The stock variable is a categorical variable in that dataframe that records the ticker symbol of the stock record. If we check the unique values for this variable, you’ll see that there are only two values: amzn and goog. These are the stock ticker symbols for Amazon and Google respectively.

When we want to create a line chart with multiple lines, we can map a categorical variable to hue. If we do this, sns.lineplot() will create a separate line for each category of our categorical variable.

So when we set hue = 'stock', Seaborn created two different lines: one line for amzn and one line for goog.

Notice that both lines have different colors … they have different “hues.”

Keep in mind that this is a relatively simple example with 2 lines, but if you have data with more than 2 categories, you can create a line chart with more lines.

EXAMPLE 4: Change the Colors of a Multi-line Line Chart

Finally, let’s modify the multi-line chart that we created in example 3 by changing the colors of the lines.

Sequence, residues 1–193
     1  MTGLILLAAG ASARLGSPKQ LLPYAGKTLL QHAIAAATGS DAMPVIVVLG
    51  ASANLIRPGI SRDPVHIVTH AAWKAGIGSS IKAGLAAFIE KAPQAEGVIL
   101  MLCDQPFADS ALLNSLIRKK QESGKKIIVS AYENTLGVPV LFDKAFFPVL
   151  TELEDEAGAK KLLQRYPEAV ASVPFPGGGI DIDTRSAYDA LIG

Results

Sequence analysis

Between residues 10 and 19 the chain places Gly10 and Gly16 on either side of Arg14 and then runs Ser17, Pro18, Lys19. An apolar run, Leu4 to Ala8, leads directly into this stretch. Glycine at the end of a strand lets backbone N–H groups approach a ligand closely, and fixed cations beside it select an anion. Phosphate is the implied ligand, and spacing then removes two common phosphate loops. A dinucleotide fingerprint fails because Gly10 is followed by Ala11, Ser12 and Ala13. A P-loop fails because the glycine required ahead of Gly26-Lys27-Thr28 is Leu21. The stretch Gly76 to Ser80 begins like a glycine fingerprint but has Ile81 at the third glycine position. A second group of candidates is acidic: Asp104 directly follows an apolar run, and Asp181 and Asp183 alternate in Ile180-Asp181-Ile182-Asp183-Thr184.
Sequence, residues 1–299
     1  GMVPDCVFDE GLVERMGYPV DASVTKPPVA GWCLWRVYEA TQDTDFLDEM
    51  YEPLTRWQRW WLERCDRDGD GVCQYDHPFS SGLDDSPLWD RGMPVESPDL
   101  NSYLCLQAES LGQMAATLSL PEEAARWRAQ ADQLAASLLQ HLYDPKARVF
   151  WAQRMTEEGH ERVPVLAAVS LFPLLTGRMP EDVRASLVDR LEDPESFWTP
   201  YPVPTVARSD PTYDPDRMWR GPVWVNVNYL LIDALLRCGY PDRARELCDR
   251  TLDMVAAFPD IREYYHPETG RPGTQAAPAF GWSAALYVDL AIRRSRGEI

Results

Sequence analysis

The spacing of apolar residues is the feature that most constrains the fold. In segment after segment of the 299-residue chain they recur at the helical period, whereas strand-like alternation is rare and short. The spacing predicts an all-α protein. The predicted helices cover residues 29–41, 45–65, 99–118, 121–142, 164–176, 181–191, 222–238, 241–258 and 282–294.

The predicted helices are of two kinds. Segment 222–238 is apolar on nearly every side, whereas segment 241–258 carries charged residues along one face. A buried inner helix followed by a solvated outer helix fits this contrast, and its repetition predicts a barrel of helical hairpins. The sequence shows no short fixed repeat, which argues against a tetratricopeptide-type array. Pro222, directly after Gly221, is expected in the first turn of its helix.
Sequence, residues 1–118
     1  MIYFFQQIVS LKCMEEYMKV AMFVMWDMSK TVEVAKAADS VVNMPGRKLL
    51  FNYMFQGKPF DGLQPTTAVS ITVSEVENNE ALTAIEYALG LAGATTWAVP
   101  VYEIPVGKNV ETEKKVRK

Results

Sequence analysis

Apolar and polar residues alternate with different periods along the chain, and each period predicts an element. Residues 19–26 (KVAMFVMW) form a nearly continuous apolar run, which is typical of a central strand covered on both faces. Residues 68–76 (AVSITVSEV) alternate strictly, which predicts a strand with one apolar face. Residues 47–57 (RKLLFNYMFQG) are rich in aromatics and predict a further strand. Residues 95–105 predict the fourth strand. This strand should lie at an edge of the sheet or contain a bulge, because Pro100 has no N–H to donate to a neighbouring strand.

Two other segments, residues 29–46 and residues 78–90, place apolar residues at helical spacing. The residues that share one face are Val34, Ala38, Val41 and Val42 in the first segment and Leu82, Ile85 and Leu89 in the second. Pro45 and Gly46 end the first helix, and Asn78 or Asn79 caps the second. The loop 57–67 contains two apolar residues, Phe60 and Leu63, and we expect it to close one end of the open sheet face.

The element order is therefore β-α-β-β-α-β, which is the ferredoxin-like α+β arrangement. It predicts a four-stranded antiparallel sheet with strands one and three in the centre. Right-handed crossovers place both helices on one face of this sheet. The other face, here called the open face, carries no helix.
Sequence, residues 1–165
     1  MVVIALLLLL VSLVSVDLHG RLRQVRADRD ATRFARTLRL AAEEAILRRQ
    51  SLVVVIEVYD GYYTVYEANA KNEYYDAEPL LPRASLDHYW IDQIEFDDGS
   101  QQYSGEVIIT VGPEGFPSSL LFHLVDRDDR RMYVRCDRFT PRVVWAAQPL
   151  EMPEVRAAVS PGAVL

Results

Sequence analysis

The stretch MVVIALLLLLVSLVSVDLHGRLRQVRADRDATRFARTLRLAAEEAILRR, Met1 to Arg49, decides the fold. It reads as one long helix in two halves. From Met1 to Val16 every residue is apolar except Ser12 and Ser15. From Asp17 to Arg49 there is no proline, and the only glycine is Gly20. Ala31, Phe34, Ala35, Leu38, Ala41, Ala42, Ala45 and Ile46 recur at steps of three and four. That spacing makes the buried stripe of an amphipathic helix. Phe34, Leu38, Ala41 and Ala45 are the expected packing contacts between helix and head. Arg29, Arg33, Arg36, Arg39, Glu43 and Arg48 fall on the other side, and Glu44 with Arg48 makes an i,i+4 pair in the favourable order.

To do this, we’ll use the palette parameter.

Let’s run the code and then I’ll explain.

sns.lineplot(data = stocks
            ,x = 'date'
            ,y = 'close'
            ,hue = 'stock'
            ,palette = 'hls'
            )

OUT:

A Python line chart made with Seaborn, where we've changed the line colors by changing the color palette.

Explanation

So what happened here?

In this example, we modified the line colors by changing the color palette. To do this, we set the palette parameter to palette = 'hls'. ‘hls’ is the name of a Python color palette.

When we did this, it changed the line colors to colors that are in the ‘hls’ palette.

Python actually has a variety of color palettes. When you’re creating line charts, where each line represents a different category, I recommend that you use a “qualitative” color palette.

Python has a variety of qualitative color palettes, but the ones I recommend for line charts are:

  • hls
  • Dark2
  • Set1
  • tab10